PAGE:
kerrensimmonds wrote:George Bell was certainly a very charismatic as well as a theologically sound Bishop, and his work is still recognised. He took office as Bishop of Chichester in 1929 and (I think) died in post in 1958.
I THINK he had retired when he died, but only very shortly before. Of course it was 1958, in fact the 50th anniversary of his death was last week (sorry about that mistake further up). His CH Leaving Bible was presented to him in the spring of 1958, on the day after he carried out Confirmations at CH for the last time.

As for chaplains, an interesting part was played by John Robson, who might be considered the first "modern" chaplain of CH. As assistant chaplain he introduced things like holy communion in houses. But his other contribution to CH was the mutual introduction of the school and his lifelong friend the then Dean of Westminster, Eric Abbott. This was a piece of social climbing on the school's part which it exploited for all it was worth.
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Re: School Chaplains

Post by Great Plum »

Our parish priest is known as Father Andrew, but that is not due to his churchmanship, but that his first parish, when he was curate, called him that...
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stpandp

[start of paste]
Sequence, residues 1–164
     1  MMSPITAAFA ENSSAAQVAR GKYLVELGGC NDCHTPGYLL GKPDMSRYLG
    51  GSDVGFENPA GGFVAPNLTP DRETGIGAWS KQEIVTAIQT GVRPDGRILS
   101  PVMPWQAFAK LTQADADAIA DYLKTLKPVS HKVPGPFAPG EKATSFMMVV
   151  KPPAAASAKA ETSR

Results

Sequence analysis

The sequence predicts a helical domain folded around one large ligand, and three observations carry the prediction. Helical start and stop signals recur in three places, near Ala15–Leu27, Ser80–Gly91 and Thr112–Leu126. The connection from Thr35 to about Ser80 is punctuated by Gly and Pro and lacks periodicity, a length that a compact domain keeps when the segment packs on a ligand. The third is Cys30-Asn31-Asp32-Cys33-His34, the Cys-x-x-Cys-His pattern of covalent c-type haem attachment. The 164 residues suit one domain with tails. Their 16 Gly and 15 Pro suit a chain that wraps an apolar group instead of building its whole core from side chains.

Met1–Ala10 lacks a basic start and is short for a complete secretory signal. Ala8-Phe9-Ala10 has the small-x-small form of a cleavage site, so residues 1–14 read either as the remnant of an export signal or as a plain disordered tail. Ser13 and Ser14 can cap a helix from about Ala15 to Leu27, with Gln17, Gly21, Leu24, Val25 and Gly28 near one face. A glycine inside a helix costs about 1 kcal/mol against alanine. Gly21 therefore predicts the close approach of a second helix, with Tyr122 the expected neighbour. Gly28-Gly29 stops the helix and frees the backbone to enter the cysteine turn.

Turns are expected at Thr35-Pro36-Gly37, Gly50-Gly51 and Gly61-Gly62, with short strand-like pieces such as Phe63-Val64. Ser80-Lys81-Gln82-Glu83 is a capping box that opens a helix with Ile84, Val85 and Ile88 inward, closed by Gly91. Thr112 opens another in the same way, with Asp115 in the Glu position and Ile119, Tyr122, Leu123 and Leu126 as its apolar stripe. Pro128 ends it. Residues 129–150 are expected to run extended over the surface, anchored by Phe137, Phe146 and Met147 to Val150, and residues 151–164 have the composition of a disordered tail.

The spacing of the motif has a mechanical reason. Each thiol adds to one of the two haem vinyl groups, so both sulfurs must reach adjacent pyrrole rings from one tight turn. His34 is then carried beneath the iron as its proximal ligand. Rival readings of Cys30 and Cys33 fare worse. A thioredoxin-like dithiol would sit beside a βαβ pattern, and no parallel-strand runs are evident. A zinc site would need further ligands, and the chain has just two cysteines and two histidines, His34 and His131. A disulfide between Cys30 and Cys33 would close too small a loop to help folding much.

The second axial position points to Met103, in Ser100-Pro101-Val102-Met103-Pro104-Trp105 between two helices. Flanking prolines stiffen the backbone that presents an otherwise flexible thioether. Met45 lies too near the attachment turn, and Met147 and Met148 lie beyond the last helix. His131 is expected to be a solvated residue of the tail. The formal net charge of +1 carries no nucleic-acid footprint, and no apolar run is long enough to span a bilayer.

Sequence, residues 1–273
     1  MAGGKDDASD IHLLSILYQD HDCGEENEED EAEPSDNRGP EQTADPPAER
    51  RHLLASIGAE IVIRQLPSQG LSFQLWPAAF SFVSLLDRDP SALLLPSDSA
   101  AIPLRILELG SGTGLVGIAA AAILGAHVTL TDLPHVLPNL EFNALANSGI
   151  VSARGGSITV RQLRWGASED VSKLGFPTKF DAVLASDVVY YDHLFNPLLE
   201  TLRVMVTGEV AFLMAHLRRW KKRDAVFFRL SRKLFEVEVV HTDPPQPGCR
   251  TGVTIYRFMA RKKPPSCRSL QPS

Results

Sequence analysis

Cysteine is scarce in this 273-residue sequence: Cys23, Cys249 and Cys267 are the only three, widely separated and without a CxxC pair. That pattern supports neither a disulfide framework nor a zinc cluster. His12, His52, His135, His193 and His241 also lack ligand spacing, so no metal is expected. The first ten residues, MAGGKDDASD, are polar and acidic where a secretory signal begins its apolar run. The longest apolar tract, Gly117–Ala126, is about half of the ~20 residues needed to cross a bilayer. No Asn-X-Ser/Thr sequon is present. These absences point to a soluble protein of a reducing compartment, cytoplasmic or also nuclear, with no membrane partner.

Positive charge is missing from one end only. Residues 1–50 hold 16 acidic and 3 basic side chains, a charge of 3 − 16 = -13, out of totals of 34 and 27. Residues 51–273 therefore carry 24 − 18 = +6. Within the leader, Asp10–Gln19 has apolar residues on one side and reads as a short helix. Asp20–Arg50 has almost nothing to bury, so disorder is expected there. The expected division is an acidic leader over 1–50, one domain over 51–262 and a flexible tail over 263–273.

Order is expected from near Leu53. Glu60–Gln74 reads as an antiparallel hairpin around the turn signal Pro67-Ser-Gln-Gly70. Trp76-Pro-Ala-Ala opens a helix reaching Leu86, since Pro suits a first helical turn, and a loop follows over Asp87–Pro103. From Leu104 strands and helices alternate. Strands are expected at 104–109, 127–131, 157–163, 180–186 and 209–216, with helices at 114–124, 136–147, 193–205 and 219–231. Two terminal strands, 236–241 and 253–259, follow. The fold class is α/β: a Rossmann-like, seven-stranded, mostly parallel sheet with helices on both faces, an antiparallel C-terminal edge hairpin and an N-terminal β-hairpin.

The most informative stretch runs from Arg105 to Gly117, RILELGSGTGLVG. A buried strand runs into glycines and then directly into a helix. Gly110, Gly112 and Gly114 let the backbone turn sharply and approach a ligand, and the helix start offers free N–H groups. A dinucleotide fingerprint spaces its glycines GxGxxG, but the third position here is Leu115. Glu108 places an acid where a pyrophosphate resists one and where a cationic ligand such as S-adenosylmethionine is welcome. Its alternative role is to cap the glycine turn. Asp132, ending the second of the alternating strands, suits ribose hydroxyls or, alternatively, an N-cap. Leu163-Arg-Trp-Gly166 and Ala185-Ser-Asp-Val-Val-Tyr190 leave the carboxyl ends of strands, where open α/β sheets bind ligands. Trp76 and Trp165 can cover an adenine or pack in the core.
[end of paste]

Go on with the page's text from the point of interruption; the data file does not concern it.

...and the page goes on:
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Re: School Chaplains

Post by stpandp »

Great Plum wrote:Our parish priest is known as Father Andrew, but that is not due to his churchmanship, but that his first parish, when he was curate, called him that...

That wouldn't be Father Andrew of St Matthew, Redhill, would it?
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Re: School Chaplains

Post by CHAZ »

[
As for chaplains, an interesting part was played by John Robson, who might be considered the first "modern" chaplain of CH. As assistant chaplain he introduced things like holy communion in houses. But his other contribution to CH was the mutual introduction of the school and his lifelong friend the then Dean of Westminster, Eric Abbott. This was a piece of social climbing on the school's part which it exploited for all it was worth.[/quote]

I went to Eric Symes Abbott's memorial service as SG. John Robson was a great guy and in my time it was the great trio of Robson, Atkinson and for a while Godfrey Hall. Porteous came in in my last year.

House Communions were great as were Confirmation lessons in Robbos house.

Does anyone remember the fantastic colorful garments the chaplains wore in the 80s and maybe beyond? It was always a treat to see what garb John Robson would be wearing on the Sunday evening service. Ian Atkinson was always dressed in a monk like white ...it did look a bit like a Klu Klux Klan garb.